Flap copy from ARC:
"Eilis Lacey has come of age in small-town Ireland in the years following WWII. Though skilled at bookkeeping, she cannot find a job in the miserable Irish economy. When an Irish priest from Brooklyn offers to sponsor Eilis in America- to live a work in a Brooklyn nighborhood "just like Ireland"- she decides she must go, leaving her fragile mother and her charismatic sister behind.
Eilis finds work in a department store on Fulton Stret, and when she least expects it, finds love. Tony, a blond Italian from a big family, slowly wins her over with patient charm. He takes Eilis to Coney Island and Ebbets Field, and home to dinner in the two-room apartment he shares with his brothers and parents. He talks of having children who are Dodgers fans. But just as Eilis begins to fall in love with Tony, devastating news from Ireland threatens the promise of her future."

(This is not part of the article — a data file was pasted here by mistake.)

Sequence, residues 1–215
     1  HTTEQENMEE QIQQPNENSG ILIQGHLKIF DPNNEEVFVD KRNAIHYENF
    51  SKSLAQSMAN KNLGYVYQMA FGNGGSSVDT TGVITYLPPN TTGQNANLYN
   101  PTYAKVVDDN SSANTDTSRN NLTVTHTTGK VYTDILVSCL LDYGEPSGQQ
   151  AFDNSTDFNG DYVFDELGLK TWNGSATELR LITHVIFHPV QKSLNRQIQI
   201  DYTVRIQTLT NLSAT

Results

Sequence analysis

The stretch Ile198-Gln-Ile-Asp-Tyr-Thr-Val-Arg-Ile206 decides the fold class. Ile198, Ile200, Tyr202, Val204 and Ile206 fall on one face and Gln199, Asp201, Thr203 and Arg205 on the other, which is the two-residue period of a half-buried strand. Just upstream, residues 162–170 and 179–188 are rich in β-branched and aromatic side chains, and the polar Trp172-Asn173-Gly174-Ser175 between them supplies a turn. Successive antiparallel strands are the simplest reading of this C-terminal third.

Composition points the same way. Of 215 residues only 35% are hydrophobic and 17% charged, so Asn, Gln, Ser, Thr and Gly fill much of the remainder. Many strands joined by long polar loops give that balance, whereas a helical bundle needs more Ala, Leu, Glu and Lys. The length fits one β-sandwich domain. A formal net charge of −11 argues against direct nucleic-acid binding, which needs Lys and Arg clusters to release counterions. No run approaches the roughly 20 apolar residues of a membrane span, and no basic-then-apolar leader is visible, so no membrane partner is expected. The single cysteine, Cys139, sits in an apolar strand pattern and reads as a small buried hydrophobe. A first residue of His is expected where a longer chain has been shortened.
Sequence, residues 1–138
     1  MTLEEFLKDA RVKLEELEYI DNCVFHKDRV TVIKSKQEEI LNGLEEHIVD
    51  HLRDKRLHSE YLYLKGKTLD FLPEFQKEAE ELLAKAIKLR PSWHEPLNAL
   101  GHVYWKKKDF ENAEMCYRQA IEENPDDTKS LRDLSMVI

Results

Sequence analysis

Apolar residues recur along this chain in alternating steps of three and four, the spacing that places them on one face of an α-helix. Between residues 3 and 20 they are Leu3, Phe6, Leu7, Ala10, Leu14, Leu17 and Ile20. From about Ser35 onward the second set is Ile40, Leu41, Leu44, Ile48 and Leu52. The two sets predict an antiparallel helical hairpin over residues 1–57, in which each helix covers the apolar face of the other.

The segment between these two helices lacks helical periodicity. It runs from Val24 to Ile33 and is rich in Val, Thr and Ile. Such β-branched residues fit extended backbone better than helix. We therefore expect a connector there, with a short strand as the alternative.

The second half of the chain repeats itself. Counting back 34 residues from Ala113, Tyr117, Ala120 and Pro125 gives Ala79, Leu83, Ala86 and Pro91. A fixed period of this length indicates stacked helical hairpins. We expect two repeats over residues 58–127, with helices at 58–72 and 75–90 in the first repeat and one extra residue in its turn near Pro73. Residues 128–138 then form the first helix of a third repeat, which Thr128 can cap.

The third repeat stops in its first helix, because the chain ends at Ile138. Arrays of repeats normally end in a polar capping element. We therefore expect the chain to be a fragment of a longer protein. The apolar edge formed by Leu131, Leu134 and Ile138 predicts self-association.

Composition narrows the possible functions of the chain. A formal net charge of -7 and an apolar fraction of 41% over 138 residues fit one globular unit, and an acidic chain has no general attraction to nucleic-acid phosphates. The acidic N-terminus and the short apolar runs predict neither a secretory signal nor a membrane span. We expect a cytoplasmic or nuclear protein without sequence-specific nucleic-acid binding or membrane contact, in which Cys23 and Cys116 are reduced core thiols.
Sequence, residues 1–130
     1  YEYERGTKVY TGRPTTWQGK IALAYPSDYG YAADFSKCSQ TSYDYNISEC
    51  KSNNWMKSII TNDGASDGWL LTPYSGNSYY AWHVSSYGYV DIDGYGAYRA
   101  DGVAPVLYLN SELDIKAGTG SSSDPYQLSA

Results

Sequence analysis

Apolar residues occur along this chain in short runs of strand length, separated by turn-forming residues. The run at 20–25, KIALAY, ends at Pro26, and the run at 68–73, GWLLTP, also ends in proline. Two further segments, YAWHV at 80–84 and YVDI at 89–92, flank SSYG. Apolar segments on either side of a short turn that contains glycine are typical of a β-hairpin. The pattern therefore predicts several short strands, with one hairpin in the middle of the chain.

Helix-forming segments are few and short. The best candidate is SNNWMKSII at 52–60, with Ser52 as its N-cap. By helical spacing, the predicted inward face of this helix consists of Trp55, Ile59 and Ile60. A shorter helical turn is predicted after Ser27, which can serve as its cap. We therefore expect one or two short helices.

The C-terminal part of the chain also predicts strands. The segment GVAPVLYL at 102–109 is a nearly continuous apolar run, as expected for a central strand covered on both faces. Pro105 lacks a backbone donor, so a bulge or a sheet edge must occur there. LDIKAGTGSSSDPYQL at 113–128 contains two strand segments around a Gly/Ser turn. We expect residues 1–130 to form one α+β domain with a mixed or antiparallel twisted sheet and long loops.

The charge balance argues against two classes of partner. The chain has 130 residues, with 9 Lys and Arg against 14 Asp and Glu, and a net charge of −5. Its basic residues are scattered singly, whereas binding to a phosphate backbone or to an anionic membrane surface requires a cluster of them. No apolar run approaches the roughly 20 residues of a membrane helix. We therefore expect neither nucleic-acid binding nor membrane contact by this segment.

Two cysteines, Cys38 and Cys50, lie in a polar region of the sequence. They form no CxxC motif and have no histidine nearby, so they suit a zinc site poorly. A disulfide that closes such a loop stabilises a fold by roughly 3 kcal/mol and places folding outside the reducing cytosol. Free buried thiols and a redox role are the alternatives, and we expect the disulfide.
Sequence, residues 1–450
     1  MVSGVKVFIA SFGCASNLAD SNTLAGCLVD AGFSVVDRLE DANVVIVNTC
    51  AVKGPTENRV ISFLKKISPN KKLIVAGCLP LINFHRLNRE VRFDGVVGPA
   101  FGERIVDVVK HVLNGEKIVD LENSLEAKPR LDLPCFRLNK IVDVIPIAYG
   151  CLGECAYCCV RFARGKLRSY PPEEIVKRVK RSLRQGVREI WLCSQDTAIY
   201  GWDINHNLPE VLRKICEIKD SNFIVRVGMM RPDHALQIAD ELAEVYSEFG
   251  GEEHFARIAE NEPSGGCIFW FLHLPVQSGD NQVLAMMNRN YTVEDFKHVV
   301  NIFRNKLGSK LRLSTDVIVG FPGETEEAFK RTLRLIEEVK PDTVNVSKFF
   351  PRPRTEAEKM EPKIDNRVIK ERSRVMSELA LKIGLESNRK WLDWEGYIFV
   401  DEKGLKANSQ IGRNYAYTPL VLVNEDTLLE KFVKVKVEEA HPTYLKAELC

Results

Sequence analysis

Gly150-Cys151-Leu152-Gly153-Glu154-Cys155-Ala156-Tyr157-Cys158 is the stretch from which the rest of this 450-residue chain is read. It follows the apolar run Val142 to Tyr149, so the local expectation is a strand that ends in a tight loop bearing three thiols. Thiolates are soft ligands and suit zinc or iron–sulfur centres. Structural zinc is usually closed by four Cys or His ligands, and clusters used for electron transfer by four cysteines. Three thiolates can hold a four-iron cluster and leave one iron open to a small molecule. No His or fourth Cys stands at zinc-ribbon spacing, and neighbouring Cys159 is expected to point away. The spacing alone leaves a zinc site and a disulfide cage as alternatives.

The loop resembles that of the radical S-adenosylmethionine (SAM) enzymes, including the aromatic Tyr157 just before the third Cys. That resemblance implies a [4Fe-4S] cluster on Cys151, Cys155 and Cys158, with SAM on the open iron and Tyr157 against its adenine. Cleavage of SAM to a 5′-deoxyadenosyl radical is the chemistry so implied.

As the daughter of an Irish immigrant, I picked up this book hoping for another perspective on the immigrant experience, a hope that was more than met by this extraordinary novel. As Eilis' story unfolds, the reader is able to see her grow and change as she learns some of the lessons that Brooklyn has to teach. I was delighted that the borough itself was so obviously a character in the story, exerting its own personality and influence both on Eilis and on the reader.
I heard Colm Toibin read from the book and talk about the experience of writing it- the starting point was a story he heard in his youth, a snippet of conversation that stuck in his head until this book was written. He perfectly captures the confusion and homesickness of a young girl uprooted from all she has ever known, and lovingly documents her gradual transformation into womanhood. This quiet tale will stick with you; though the novel itself was a quick read, the story and Eilis' final choice linger long after the book is completed. Definitely a must read!